I wanted to build a mind map discussion interface for a debate website. A mind map is well-suited to the debate use case because a debate begins with a “motion,” the thing being debated. So, the diagram would have one root node, and branches of discussion would extend outward from it. It would help users keep track of the various branches, review the overall conversation, and have thorough and productive discussions.
I researched existing mind map/concept map libraries and found that there were none that did what I was looking for. I wanted an automatically generated mind map that looks like ones that humans draw, efficiently filling the space and easy to follow. Most mind map visualizer JS libraries I found made charts that look like tournament brackets.
Those are cool and useful but they don’t look like what I had in mind. Because I was focused on the use case of a discussion interface, making the best use of screen space was important. I knew it must be possible to achieve a close-fitting tree that branched in a way not constrained by a preference for the vertical and horizontal directions.
I was trying to work out how to write the algorithm for placement when I saw a “Force Tree” visualization on ObservableHQ. It’s a D3 Force demo with hierarchical data. I saw that the force-directed layout is the key. In the D3 Force demo I saw the natural organization of second-level replies being outside the first-level reply zone, with the parents being nearer to their parents. It looks like a plant in a 2 dimensional space.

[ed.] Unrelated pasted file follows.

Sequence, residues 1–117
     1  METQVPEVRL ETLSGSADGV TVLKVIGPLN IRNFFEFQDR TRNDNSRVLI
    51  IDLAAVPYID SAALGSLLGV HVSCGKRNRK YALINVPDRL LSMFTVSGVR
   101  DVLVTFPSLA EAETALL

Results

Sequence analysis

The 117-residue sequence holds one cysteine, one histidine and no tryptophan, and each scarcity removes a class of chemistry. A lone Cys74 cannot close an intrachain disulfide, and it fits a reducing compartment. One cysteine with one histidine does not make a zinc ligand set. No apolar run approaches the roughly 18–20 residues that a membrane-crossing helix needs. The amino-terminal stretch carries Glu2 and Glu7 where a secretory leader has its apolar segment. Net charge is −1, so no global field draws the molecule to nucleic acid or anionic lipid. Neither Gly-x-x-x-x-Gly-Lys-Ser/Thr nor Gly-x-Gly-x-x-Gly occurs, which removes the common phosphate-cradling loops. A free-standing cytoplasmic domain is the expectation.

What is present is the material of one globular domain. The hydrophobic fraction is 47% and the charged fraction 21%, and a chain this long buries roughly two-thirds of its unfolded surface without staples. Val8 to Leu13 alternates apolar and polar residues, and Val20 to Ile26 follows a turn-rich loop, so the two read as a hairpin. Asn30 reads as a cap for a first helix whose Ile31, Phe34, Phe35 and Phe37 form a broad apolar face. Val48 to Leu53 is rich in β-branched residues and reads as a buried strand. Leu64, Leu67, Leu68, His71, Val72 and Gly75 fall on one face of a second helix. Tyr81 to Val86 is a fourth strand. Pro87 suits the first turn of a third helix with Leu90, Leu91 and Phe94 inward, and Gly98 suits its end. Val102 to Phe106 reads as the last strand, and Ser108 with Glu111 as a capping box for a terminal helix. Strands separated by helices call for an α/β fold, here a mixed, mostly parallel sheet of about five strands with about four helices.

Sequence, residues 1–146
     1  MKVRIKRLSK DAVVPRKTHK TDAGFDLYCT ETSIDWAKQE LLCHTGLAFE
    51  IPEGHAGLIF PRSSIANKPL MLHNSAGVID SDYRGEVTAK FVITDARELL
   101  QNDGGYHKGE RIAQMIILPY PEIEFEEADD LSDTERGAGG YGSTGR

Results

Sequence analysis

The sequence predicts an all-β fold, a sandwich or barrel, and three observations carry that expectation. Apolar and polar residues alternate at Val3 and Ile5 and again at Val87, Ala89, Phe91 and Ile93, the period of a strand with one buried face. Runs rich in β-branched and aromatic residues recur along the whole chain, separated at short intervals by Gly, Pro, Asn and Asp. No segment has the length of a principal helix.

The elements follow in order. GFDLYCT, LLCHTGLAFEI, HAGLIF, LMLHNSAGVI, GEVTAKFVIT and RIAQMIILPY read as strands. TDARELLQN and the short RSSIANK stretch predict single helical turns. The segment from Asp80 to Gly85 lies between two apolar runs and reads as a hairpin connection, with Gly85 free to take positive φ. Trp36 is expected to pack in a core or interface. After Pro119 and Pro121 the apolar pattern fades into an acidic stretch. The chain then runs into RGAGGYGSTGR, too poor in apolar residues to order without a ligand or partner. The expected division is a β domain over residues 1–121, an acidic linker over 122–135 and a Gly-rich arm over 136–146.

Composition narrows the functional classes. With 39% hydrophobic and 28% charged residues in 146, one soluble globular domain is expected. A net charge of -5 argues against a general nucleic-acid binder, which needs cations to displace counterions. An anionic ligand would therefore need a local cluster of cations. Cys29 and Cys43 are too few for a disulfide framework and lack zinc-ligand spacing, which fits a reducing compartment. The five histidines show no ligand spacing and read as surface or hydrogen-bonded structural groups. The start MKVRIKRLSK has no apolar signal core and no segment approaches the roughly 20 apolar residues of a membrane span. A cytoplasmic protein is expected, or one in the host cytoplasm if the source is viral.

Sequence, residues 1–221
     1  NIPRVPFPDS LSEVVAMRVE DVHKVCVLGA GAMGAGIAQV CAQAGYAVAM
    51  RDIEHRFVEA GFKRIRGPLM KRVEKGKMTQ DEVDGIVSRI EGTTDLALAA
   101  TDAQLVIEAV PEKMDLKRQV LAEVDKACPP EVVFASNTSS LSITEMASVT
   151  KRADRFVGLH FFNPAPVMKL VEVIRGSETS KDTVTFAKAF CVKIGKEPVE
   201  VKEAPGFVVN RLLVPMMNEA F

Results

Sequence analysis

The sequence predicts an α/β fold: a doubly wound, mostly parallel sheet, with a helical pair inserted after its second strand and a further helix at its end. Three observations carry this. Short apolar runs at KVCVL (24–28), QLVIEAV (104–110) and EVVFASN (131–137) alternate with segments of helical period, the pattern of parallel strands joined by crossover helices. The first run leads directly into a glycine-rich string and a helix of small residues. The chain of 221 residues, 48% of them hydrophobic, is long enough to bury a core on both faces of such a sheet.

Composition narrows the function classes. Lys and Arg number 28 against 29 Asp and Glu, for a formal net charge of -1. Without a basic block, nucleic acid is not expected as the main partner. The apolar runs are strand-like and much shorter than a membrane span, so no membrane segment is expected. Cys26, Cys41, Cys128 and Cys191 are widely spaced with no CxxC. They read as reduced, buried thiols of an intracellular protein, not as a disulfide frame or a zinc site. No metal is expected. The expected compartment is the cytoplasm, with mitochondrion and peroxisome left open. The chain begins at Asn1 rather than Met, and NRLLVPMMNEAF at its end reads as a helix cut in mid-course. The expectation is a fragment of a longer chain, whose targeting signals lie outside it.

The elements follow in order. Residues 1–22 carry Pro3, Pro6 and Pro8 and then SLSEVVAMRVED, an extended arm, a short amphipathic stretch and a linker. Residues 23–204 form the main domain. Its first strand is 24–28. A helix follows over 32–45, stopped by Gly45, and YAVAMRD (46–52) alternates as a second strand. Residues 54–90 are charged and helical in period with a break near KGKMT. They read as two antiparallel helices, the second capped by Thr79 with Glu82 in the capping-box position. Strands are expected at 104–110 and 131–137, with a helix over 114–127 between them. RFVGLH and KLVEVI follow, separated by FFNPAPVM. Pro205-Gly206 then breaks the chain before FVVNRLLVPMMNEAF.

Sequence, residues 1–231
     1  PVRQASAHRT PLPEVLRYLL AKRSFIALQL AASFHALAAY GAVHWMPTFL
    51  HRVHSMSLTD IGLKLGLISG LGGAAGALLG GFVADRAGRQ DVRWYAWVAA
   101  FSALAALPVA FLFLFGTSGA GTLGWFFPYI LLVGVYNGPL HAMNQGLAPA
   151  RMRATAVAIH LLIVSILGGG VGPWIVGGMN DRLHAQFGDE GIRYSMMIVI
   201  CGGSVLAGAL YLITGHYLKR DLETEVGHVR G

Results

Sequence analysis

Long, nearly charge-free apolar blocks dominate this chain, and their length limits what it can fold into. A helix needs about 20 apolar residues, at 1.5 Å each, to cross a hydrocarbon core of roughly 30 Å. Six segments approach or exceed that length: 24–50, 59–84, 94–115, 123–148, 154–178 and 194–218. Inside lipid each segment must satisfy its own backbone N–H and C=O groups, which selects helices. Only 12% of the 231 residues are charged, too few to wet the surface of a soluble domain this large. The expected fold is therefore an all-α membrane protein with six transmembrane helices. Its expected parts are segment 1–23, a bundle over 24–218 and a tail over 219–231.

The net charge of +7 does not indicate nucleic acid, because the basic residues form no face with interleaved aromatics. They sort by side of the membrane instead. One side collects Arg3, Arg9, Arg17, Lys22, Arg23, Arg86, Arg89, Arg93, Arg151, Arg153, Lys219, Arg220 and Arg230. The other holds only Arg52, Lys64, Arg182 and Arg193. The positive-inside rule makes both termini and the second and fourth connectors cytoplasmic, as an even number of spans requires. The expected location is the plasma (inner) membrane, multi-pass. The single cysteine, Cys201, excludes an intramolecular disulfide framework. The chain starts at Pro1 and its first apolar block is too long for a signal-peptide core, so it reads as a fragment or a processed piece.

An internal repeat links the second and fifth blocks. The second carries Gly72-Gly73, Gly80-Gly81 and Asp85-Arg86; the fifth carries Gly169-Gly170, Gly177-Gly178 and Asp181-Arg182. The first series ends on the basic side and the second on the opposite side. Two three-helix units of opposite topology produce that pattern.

The force-directed layout is a 2D physics simulation. D3 Force’s “many body” force can attract or repel. There is also a link force. By setting the “many body” force to repel, and including a link force between connected nodes, the diagram organizes itself!
I had been puzzling over how to achieve collisions, ballance, and organization, but I hadn’t realized that what I needed was a 2d physics simulation!
This was a big piece done. I no longer needed a placement algorithm.
I built a JS module, pfmindmap, to produce the discussion interface I wanted. It utilizes D3, as well as Observable, a JS runtime that gives D3 a data-flow environment to operate in.
The pfmindmap interface is resilient. The simulation reaches equilibrium, moving items to their best place. It handles all different “shapes” of data sets, fitting them efficiently in a small space.
Below are screenshots from the Twidgel Tweet Reply Map, a tool that visualizes Twitter conversations and that implements pfmindmap.
Pfmindmap provides the boilerplate feature set for a force-directed mind map discussion interface. It does the work of getting these features to work together, and provides developers an easy way to create a mind map interface. The core feature set includes
D3 Force is powerful. Data visualization makes things apparent that are otherwise invisible. It provides insight by conveying more visually and in a way that is more readable. The visual cortex of the human brain evolved to be good at processing physical spaces and objects. Force layouts take advantage of that ability.